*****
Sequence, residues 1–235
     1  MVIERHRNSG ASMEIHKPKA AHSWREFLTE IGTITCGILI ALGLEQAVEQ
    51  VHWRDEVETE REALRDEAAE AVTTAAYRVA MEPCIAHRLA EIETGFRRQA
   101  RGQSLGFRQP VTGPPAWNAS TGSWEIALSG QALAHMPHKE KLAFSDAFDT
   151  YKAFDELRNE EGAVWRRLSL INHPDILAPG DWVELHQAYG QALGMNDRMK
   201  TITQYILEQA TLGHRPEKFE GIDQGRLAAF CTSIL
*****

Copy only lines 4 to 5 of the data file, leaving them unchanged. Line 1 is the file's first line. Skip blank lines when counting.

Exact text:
   101  RGQSLGFRQP VTGPPAWNAS TGSWEIALSG QALAHMPHKE KLAFSDAFDT
   151  YKAFDELRNE EGAVWRRLSL INHPDILAPG DWVELHQAYG QALGMNDRMK